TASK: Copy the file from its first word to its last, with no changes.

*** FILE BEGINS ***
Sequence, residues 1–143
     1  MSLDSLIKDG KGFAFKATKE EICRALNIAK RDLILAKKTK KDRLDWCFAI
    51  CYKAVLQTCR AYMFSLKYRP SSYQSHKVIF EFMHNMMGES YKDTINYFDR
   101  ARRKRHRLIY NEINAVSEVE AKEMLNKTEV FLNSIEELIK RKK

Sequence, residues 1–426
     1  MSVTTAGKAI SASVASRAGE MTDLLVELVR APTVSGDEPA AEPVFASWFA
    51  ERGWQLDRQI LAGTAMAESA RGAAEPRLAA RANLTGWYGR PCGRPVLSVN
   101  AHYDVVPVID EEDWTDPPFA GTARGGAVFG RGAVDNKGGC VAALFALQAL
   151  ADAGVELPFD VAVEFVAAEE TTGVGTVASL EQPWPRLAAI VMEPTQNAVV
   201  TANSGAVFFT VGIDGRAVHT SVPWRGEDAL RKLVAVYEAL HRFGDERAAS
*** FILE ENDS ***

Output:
Sequence, residues 1–143
     1  MSLDSLIKDG KGFAFKATKE EICRALNIAK RDLILAKKTK KDRLDWCFAI
    51  CYKAVLQTCR AYMFSLKYRP SSYQSHKVIF EFMHNMMGES YKDTINYFDR
   101  ARRKRHRLIY NEINAVSEVE AKEMLNKTEV FLNSIEELIK RKK

Sequence, residues 1–426
     1  MSVTTAGKAI SASVASRAGE MTDLLVELVR APTVSGDEPA AEPVFASWFA
    51  ERGWQLDRQI LAGTAMAESA RGAAEPRLAA RANLTGWYGR PCGRPVLSVN
   101  AHYDVVPVID EEDWTDPPFA GTARGGAVFG RGAVDNKGGC VAALFALQAL
   151  ADAGVELPFD VAVEFVAAEE TTGVGTVASL EQPWPRLAAI VMEPTQNAVV
   201  TANSGAVFFT VGIDGRAVHT SVPWRGEDAL RKLVAVYEAL HRFGDERAAS